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Evans v. Dzurenda

United States District Court, D. Nevada

April 11, 2019

TODD EVANS, Plaintiff
v.
JAMES DZURENDA, et. al., Defendants

          ORDER RE: ECF NO. 3

          William G. Cobb United States Magistrate Judge

         Plaintiff is incarcerated within the Nevada Department of Corrections (NDOC), and is housed at Northern Nevada Correctional Center (NNCC). He filed an application for leave to proceed in forma pauperis for a prisoner and proposed pro se civil rights complaint. (ECF Nos. 1, 1-1.) He subsequently filed a motion for appointment of guardian ad litem. (ECF No. 3.)

         In his complaint, Plaintiff alleges that prison officials have a policy of delaying and denying treatment under Medical Directive 219, which pertains to treatment of prisoners with hepatitis C. Plaintiff has hepatitis C and claims he has been denied treatment, including new drug therapy, which has made his condition uncontrolled and caused him to develop multiple medical issues including infection. He also alleges a delay in treatment for 17 months for severe issues with his spine, including an MRI and surgery. As a result, he alleges he has suffered in pain and has nerve damage. He also claims he was denied medication after his surgery as punishment for filing medical grievances.

         Plaintiff's complaint must be screened under 28 U.S.C. § 1915A. The court has undertaken a preliminary review of Plaintiff's complaint. It is likely that the complaint will be dismissed with leave to amend. In light of Plaintiff's filing of a motion for appointment of a guardian ad litem, the court will defer screening at this time.

         In his motion for appointment of a guardian ad litem, drafted by inmate preparer Roger Hull, Plaintiff states that he commenced this action on June 14, 2018, and since that time his health has deteriorated. Specifically, he states that he is unable to write due to neurological damage affecting his eyesight, concentration, and motor skills. In addition, he is currently in a wheel chair. On September 28, 2018, he was diagnosed with a lesion in his brain and plans were being made to remove it. He was advised by medical staff he may not survive the surgery and there was no guarantee the surgery would be successful. Plaintiff is in a segregated unit without access to another inmate to assist him, and he does not have the ability to confer with the law library inmate who drafted this motion on a regular basis.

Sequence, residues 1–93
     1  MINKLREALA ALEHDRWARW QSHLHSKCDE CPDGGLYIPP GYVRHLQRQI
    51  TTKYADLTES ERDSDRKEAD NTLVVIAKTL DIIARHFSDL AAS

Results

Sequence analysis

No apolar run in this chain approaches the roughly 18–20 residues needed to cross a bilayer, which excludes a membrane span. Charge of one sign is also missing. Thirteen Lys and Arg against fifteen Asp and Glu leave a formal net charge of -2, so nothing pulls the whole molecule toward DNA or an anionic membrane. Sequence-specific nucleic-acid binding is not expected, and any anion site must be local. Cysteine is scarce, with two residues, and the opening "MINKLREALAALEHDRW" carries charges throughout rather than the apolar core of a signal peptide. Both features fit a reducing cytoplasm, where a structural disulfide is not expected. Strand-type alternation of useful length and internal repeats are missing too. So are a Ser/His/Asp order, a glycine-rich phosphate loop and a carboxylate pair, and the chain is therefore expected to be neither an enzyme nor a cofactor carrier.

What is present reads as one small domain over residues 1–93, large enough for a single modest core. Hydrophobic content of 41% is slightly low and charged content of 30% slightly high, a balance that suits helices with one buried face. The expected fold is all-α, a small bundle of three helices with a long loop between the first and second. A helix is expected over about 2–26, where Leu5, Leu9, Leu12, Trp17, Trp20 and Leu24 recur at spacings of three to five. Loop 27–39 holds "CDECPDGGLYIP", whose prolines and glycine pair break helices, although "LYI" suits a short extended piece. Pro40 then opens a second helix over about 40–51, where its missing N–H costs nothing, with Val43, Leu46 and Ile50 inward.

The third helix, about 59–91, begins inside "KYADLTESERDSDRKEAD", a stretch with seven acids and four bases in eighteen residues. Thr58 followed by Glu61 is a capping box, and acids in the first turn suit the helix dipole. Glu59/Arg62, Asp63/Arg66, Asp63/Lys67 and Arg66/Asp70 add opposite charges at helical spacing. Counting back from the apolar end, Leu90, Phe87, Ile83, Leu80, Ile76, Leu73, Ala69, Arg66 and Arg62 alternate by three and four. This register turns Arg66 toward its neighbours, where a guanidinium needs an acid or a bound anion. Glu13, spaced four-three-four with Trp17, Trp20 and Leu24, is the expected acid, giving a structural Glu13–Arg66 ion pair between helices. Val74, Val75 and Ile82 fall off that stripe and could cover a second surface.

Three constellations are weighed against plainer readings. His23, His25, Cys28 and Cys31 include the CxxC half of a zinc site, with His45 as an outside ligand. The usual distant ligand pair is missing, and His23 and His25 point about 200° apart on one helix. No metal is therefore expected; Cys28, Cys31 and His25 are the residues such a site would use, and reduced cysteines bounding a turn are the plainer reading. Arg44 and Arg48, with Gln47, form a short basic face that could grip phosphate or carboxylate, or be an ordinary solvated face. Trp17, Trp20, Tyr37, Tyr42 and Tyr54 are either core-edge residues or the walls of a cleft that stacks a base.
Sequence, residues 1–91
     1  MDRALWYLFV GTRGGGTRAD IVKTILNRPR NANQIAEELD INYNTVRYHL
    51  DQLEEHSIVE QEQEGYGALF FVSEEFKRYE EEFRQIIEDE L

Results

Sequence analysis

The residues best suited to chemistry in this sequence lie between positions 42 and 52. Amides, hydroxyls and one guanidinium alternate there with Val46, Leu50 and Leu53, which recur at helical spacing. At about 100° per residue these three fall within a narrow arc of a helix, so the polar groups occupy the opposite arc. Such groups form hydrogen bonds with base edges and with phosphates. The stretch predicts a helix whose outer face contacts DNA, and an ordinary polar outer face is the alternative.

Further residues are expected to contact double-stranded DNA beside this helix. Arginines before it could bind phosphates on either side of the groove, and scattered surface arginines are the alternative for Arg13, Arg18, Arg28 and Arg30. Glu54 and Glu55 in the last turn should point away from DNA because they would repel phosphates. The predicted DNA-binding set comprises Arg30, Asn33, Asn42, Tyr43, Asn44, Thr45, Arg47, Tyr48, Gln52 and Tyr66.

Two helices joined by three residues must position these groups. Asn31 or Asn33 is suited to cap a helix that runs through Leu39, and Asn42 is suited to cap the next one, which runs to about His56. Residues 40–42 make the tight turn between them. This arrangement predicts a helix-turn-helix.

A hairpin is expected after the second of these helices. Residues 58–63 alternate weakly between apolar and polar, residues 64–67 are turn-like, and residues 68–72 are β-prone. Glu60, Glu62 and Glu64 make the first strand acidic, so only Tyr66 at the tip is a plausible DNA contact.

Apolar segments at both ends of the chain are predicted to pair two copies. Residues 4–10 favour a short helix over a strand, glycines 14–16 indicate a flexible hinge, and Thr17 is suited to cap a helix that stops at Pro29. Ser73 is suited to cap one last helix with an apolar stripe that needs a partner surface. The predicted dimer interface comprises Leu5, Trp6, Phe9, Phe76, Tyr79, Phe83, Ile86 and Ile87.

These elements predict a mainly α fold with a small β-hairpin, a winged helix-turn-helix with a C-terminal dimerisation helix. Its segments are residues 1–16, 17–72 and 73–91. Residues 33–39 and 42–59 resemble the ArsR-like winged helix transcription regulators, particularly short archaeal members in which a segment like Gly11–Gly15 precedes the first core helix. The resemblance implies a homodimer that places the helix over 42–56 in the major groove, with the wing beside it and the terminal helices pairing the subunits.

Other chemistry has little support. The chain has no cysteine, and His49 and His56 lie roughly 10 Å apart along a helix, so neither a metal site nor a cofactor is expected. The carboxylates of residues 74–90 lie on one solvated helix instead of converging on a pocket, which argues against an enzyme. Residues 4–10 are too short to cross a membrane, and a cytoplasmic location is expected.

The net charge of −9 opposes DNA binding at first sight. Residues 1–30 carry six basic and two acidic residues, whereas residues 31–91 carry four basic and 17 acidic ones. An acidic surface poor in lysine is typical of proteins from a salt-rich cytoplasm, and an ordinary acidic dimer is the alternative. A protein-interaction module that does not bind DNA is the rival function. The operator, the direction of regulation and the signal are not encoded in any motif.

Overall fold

Under Federal Rule of Civil Procedure 17(c), a "court must appoint a guardian ad litem-or issue another appropriate order-to protect a minor or incompetent person who is unrepresented in an action." The preliminary step in addressing a motion for appointment of guardian ad litem is to have a hearing to determine whether there is a "substantial question" regarding the movant's mental competence. See Harris v. Mangum, 863 F.3d 1133, 1138 (9th Cir. 2017) (citing Allen v. Calderon, 408 F.3d 1150, 1153 (9th Cir. 2005)). If there is a substantial question as to competency, the court will proceed with a competency hearing. Id. If the movant is determined incompetent a guardian ad litem is required, or the court can fashion some other order to protect the litigant's interests (i.e., appointment of counsel). See Davis v. Walker, 745 F.3d 1303, 1310 (9th Cir. 2014).

         In light of Plaintiff's claims that he has been diagnosed with a brain lesion that has affected his ability to write, as well as his eyesight, concentration and motor skills, and because the court has not been informed whether Plaintiff has undergone surgery for the brain lesion and his current condition, the court will set a hearing to determine whether there is a substantial question regarding Plaintiff's mental competence.

         In advance of the hearing, Plaintiff may file any documentation that he contends supports his claim of incompetence or inability to represent himself in this litigation.

         The Attorney General's Office is ordered to enter a limited notice of appearance for the purpose of addressing Plaintiff's current mental competence and medical condition at the hearing. The Attorney General's Office is also ordered to file under seal any medical or mental health records pertinent to Plaintiff's current competence level and medical status.

         CONCLUSION

         A decision on the application to proceed in forma pauperis and screening of the complaint (ECF Nos. 1, 1-1) are DEFERRED.

         The court will enter a separate order setting the telephonic hearing addressing whether there is a substantial question regarding Plaintiff's mental competence. Plaintiff may file any documentation he has to support his claim of incompetence or inability to litigate this matter representing himself AT LEAST THREE DAYS BEFORE THE HEARING.

         The Clerk must electronically SERVE a copy of this Order on the Office of the Attorney General of the State of Nevada, by adding the Attorney General of the State of Nevada to the docket sheet. This does not indicate acceptance of service.

         Within TEN DAYS of the date of this Order, the Attorney General's Office must enter a limited notice of appearance for the purpose of appearing for a telephonic hearing addressing whether there is a substantial question as to Plaintiff's competency and ability to proceed pro se with this litigation. No. defenses or objections, ...


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